Giants can begin to cash Bonds into wins

On Baseball

June 13, 1999|By Peter Schmuck | Peter Schmuck,SUN STAFF

Barry Bonds is back. Now, the San Francisco Giants appear to be in perfect position to reassert themselves at the top of the National League West standings, not that they were ever far away.

The Giants were a respectable 25-22 while Bonds was recovering from elbow surgery and lost only two games in the standings to the healthier Arizona Diamondbacks over that period. Now that Bonds is back -- three weeks ahead of schedule -- manager Dusty Baker has to feel good about their chances of upsetting the big spenders in the National League West.

"You've got to commend these guys for closing the circle and staying so close," Baker said. "Our pitchers have dropped their ERA by a point and a half. Our bullpen has tightened up and our defense has tightened up.

"The way I look at it, we were without Barry, Mark Gardner and Bill Mueller for a long time. Here we are two games back of a team [Arizona] that has three hitters in the top 10 in home runs and RBIs. If you look at the stat sheet, they're killing us, and we haven't hit our stride yet."

Of course, the Diamondbacks still look like the superior team on paper. They continue to mash the ball and have the pitching depth to hold their own with anybody, but the Giants could benefit from a huge emotional lift when Bonds hits his stride.

He still has some catching up to do at the plate -- he was clearly out of sync in his first game back Wednesday -- but it probably won't be long before he re-establishes himself as one of the dominant hitters in the game.

"We're fortunate to have him back as early as we do," Baker said. "How many games do we have left -- 102? I wouldn't want to go 102 without him. You don't get 30 games under your belt in one day. Barry just has to go out and play."

Of course, there have been instances in which the long-awaited return of an impact player has had the opposite effect on a team that held the fort in his absence, but the Giants have displayed the kind of well-rounded offensive chemistry that can only get better with Bonds back in the middle of the batting order.

More crooked numbers

In a year of inflated home run totals, the Chicago Cubs own one of the most dubious distinctions. Through 55 games, Cubs pitchers had given up 75 home runs, a pace that would add up to 221 over the full season -- or 23 more than the major-league record. And that's without the thin air that helped the 1996 Colorado Rockies earn that unenviable place in the record book.

It makes Sammy Sosa's league-leading total even more impressive, because he doesn't get to hit against his own pitching staff.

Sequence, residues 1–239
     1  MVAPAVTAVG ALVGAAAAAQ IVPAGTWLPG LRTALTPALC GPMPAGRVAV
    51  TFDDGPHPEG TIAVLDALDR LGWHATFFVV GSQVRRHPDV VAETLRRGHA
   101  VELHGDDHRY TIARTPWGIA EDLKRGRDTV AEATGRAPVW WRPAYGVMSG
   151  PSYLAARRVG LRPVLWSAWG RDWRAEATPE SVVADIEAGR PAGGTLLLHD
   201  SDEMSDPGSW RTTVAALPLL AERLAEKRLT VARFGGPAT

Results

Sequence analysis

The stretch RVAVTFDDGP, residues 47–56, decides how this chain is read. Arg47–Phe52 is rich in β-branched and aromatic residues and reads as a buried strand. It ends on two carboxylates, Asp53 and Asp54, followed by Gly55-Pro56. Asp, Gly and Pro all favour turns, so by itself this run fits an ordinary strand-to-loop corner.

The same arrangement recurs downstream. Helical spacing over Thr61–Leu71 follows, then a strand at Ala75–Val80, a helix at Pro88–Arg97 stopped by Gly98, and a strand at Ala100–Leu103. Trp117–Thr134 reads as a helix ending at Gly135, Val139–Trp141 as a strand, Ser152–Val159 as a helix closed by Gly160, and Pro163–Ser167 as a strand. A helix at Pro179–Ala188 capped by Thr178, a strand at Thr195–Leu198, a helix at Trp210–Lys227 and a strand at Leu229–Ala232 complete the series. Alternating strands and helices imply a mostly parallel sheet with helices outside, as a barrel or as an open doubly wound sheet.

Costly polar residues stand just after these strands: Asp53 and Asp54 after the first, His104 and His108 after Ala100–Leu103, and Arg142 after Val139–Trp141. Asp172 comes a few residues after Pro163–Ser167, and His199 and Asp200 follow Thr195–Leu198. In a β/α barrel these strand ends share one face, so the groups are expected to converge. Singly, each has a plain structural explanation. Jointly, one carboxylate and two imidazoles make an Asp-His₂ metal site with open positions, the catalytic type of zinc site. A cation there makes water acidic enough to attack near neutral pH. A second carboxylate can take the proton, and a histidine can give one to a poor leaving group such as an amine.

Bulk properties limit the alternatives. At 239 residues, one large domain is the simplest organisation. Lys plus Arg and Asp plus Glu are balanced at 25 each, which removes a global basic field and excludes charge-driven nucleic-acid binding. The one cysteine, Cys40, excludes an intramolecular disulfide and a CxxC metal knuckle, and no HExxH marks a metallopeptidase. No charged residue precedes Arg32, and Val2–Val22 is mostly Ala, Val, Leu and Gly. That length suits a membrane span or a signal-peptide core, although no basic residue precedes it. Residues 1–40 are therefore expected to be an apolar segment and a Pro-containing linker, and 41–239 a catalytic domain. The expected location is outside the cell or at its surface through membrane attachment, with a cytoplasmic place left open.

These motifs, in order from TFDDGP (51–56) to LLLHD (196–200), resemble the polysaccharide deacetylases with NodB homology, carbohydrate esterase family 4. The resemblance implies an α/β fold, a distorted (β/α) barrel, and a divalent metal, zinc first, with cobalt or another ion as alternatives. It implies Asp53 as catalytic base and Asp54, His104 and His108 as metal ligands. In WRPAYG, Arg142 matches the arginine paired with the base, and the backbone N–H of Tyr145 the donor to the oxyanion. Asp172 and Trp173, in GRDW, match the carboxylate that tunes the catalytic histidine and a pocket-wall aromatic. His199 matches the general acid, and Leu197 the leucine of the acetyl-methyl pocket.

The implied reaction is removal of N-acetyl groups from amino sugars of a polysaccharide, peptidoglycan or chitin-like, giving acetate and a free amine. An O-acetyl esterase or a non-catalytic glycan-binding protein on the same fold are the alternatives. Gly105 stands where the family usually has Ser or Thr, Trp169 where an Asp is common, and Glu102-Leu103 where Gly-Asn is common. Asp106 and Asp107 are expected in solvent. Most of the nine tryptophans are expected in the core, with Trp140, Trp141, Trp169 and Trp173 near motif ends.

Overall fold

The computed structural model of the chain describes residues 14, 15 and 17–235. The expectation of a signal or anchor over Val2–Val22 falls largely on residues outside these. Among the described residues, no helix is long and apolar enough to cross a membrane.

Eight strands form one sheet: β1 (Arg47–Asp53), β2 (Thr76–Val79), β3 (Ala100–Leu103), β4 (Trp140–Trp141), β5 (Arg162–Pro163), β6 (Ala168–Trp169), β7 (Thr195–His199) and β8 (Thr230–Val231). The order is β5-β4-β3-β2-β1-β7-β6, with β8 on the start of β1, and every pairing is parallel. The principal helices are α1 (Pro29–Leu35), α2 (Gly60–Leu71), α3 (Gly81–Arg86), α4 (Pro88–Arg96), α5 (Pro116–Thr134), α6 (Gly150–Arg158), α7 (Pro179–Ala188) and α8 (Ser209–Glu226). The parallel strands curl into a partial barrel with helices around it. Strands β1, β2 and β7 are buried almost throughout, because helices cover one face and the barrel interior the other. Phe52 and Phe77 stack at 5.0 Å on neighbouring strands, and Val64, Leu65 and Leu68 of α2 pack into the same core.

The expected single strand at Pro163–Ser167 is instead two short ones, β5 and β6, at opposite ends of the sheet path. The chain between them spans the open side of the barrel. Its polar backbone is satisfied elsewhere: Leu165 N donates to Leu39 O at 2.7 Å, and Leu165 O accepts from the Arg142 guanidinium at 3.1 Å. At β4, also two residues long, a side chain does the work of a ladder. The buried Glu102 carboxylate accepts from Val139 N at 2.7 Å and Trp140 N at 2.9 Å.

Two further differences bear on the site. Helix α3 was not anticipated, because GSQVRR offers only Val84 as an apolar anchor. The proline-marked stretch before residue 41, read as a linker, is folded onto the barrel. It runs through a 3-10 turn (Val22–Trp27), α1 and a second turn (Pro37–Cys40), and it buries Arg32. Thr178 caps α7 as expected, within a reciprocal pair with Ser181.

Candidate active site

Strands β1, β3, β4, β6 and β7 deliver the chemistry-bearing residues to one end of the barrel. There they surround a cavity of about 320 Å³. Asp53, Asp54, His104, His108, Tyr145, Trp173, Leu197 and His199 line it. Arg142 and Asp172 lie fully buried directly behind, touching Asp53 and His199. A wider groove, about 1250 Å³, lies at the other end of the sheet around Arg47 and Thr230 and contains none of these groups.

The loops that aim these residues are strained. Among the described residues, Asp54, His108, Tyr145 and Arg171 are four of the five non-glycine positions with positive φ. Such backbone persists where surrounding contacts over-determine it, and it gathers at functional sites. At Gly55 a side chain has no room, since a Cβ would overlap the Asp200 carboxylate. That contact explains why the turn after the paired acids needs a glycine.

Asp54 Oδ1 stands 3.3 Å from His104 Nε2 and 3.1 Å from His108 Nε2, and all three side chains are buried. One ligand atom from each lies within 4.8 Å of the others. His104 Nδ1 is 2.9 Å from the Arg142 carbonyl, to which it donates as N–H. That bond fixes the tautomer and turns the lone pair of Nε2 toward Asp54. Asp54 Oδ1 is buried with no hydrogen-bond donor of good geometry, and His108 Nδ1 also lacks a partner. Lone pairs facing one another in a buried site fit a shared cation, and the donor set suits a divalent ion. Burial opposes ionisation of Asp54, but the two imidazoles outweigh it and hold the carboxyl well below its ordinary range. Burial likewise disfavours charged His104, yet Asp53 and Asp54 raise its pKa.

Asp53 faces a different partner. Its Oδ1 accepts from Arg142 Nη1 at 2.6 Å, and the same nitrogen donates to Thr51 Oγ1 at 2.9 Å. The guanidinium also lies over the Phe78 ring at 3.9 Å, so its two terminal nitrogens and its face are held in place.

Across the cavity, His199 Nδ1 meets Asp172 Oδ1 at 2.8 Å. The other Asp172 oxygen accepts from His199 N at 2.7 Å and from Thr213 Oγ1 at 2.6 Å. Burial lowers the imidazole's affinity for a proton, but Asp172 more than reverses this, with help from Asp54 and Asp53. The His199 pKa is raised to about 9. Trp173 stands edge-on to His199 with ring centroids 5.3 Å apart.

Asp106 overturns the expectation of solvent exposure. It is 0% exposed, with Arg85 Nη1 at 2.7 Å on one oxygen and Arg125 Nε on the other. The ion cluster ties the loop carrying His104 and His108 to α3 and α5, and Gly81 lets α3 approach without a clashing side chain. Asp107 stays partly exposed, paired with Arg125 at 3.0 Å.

Professional discourtesy

No one ever accused Rickey Henderson of knowing when to shut up. He didn't play against Roger Clemens in the Subway Series last weekend, but he didn't pass up the opportunity to take a few verbal swings at The Rocket.

Henderson, drawing on memories of his glory days in Oakland, told reporters that the Athletics were happy to see Clemens in October, implying that the five-time Cy Young winner didn't handle the pressure of postseason play.

"We always got up on him," Henderson told reporters in New York. "When the pressure's on, we used to get him."

The ever-humble Henderson also went so far as dismiss the notion that Clemens is one of the most intimidating pitchers in baseball.

"He ain't in my class, so how can anyone say he's intimidating?" Henderson said. "He isn't on that level yet. He hasn't been around as long as me. He hasn't done as much as me."

Since Henderson is baseball's all-time stolen base leader and Clemens is one of the greatest pitchers in the history of the sport, there is little basis for a true comparison of the two. In fact, it's kind of like comparing apples and hot dogs.

Eight is enough

When the Diamondbacks scored eight or more runs in seven straight games recently, they became the first major-league team to do that in at least 48 years.

Stats Inc., researched the streak back to 1951 and found no other such streak. The longest was six games with eight or more runs, accomplished by the California Angels in June 1979 and the Rockies in May 1995.

The gambler

Apparently, Athletics pitcher Kenny Rogers has a little Kevin Brown in him. The veteran left-hander, who scuffed up his pitching hand in a celebrated scuffle with teammate Jason McDonald early this season, broke three telephones in a fit of rage after leaving a game against the Giants last weekend at 3Com Park.

The A's got a bill for $1,700 from the Giants to repair the damage, but Rogers viewed the incident as proof that he is making progress in his anger management.

"At least I was smart enough to use my right hand this time," Rogers said. "You learn from experience, I guess. I did it; I was upset."

Self-imposed pressure

Phillies pitcher Curt Schilling hasn't been the same since he blasted the club's ownership for lacking the commitment to put together a championship team.

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